Alan Wilkinson, University of California Press, 2002]. This
test is, of course, better suited to works in which the signs
of the maker's hand are subtle. Magnifying a Rubens tenfold
is one thing, but it would be hard to view a similarly enlarged
van Gogh without wondering what he used for a paintbrush.
Works can be imposing at any scale and yet viewed most naturally
only within a narrow range of scales. A textile bears the
signs of its maker's hands very clearly. And the fibers themselves
dictate an internal scale to a piece: anyone who has worked
with pearl cotton would react viscerally to a strand an inch
in diameter. The ideal miniature should aspire to Moore's
monumental scale and nevertheless exist most happily within
its miniature dimensions. The tension between the abstract
idea and its realization by real-life materials that relate
to everyday objects is at the heart of textile art.
|Hiroyuki Shindo, Cube, 1996; linen, sisal;
weaving, folding, dyeing; 5.5 by 6 by 5.6 inches. Photo:
Leonard Nones, courtesy of LongHouse Reserve, East Hampton,
Many things can tie a textile to its scale. The fibers dictate
the scale in Hiroyuki Shindo's Cube. The pattern of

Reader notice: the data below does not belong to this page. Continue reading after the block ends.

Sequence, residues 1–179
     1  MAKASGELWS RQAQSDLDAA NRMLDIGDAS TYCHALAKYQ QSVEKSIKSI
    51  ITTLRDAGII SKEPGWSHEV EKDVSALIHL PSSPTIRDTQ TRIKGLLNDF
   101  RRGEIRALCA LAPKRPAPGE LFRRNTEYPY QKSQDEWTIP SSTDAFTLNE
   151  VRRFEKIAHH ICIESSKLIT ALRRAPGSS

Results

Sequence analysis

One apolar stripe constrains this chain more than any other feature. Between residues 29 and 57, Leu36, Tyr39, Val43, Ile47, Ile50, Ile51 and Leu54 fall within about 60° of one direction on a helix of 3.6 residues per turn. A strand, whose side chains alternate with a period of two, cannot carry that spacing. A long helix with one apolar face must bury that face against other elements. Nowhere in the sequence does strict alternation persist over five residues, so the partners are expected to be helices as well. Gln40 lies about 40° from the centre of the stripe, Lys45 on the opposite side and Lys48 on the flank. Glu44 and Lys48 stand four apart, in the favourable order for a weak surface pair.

indigo absorption is affected by the threads and folds of
the fabric. The weave of the fabric determines the jaggedness
of the edge; the proportion of the jagged edge to the entire
cube then determines the dimensions of the piece. Maria Nemes's
String Box is fascinating for its simultaneous suggestion
of the strength and the frailty of the twine - both achieved
by size and proportion within the work.
When found objects are incorporated into a textile, they can
determine its scale. The true scale of the barbs on Alastair
Duncan's Tenses 2 calls attention to the fact that they
are real, that the way they are so meticulously embedded in
fine tapestry is unnatural, and that this tapestry is, of all
colors, woven in different shades of red. Within his small format
and spare composition, Duncan packs a complex yet very forceful
comment on growing up in Belfast in the 1960s and 1970s.
|Maria Nemes, String Box, 1976; hemp; plaiting;
7.9 by 7.9 by 7.9 inches. Photo: Leonard Nones, courtesy
of LongHouse Reserve.
The scale of a textile can also be set by reference to everyday
objects - an article of clothing, a cup, a basket. Wearables
have particular fascination: we are extremely sensitive to
variations in size or shape on a human form. Taking his outline
from the contour of a flip-flop, as in Fire Walking,
Tom Lundberg uses subtle variations of scale to conjure images
of different wearers. The pictorial elements on this insole
tell a story; connecting them to the anatomy of a foot superimposes
another layer of associations that amplify the poignancy of
the piece. Judith Brotman made her Sacrificial Glove
as a stand-in for herself as she was contemplating the changes
graduate school would bring to her artmaking. One would read
the exuberance of her surfaces in any format, but the realistically